There’s a condo tower in Vancouver’s West End that stands out from the other high-rises – that is, once you look up. I’m talking about Eugenia Place on 1919 Beach Avenue, next door to the Sylvia Hotel that I wrote about here.
How many buildings feature a live, rooftop tree cropping out from a central column?
Vancouverites like to tout their city as “natural” – you know, a city by the sea – and this condo tower by Richard Henriquez physically incorporates nature into an urban residence. The tree, however, isn’t just for visual appeal, although it does nicely mirror the trees along English Bay below it.
Henriquez talks about the necessity of “fictional history” to inform architectural design in a city as young as Vancouver that is prone to forgetting its past. His son, also an architect – Gregory Henriquez – picks up on this idea in his practice, saying, “[Vancouver’s] history is more about the stories than the buildings.”
Eugenia Place – and its rooftop tree – tells a story. You can read this building like a text.
Architectural critic Trevor Boddy states that the tree at the top recalls the old-growth forests of Vancouver before they were converted into houses. Chris Macdonald adds to this reading by saying the rooftop tree’s height equals the height of the forest when Europeans first arrived on this coast. Concrete replicas of tree stumps can be found at the base of the building.
If you look at the base, you’ll notice another interesting feature: the central column (where the living room windows are) tapers into a pencil-like point, designating the entrance. Boddy calls this a self-conscious, postmodern expression of the architectural practice and offers a number of symbolic interpretations:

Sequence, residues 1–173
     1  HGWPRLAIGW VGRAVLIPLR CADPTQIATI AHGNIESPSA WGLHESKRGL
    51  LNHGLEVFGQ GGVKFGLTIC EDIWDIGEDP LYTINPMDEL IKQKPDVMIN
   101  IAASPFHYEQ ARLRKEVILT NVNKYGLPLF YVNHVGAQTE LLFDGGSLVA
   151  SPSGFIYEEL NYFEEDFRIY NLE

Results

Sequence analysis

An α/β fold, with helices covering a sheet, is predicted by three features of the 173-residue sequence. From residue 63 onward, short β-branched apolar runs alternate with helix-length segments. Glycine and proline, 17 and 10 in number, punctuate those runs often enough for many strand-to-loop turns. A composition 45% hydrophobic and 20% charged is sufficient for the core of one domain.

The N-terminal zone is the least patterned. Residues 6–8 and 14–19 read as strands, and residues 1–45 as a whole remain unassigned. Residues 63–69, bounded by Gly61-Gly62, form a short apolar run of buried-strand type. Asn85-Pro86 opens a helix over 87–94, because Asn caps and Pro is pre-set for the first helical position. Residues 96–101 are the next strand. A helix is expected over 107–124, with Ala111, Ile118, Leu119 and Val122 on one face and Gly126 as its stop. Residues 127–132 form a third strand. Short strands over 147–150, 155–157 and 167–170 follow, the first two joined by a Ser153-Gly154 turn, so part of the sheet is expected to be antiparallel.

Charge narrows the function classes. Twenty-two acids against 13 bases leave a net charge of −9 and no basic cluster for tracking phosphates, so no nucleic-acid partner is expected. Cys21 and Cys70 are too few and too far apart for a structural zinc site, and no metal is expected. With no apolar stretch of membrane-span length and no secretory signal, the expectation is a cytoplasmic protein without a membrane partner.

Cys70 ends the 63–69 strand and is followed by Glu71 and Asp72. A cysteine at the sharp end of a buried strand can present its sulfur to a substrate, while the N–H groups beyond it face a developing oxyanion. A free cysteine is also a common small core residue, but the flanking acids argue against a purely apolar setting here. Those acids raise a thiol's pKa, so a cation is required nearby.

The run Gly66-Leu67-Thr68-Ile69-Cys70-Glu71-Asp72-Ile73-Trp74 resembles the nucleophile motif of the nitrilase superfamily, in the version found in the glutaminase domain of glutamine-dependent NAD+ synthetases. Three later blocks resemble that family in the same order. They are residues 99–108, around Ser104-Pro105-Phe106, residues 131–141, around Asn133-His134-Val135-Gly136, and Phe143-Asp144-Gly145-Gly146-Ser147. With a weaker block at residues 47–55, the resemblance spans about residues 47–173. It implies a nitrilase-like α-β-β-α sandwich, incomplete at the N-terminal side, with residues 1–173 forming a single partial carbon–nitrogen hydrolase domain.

1) “The pencil of the draughtsman/builder of those original houses on the site;
2) that of the logging contractor who removed the trees;
3) that of Captain George Vancouver making the first sketches of that very bay;
4) that of the hero-architect, drawing instrument inflated to the size of design ego?
5) Or is it a screw; as the project evolved from first drawing to final realisation, the form took on the look of a tapered screw…”
The fourth option there is rather clever, but Boddy seems to have also missed another interpretation. The pencil highlights the similarity between the architectural craft and the writing craft. Both artists use a pencil to sketch out ideas, and a pencil, more than a pen, connotes a “draft” – something in its preliminary form, to be written or built over, like Vancouver’s old growth forests and the Victorian houses that previously occupied this West End neighbourhood. Even “draft” and “draughtsman” share the same homonymic root. A draft building evokes the idea that even physical structures are not finished once they are built. They continually to evolve and take shape in other ways – like through stories and the way in which people view/use/remember a given space.
Literature and architecture are often both in the “remembering” business – with literature, particularly historical fiction, and with architecture, especially in buildings like Henriquez’s that give a nod to the city’s history. With words or with concrete, books and buildings construct stories of former times, places, and/or people.
Considering that Eugenia Place tells or remembers a story from Vancouver’s past, it participates in the city’s architextural imagination. As Macdonald’s concludes, “Million dollar views wrapped up in a timely history lesson.”